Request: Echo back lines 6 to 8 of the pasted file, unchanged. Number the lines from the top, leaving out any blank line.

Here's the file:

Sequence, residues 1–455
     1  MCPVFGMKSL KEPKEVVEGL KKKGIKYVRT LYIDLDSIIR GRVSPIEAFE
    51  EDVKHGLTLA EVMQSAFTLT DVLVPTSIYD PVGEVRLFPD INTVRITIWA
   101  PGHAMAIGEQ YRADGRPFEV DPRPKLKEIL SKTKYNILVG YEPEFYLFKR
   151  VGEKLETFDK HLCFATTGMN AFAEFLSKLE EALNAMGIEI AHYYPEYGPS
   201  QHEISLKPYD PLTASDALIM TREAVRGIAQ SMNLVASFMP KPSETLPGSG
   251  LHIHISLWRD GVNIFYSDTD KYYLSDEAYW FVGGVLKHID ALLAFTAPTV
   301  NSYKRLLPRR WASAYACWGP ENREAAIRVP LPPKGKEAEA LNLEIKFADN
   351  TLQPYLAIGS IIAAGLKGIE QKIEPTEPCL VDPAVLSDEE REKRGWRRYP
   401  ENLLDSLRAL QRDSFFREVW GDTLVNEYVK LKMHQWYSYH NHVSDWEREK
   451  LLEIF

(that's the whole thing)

   201  QHEISLKPYD PLTASDALIM TREAVRGIAQ SMNLVASFMP KPSETLPGSG
   251  LHIHISLWRD GVNIFYSDTD KYYLSDEAYW FVGGVLKHID ALLAFTAPTV
   301  NSYKRLLPRR WASAYACWGP ENREAAIRVP LPPKGKEAEA LNLEIKFADN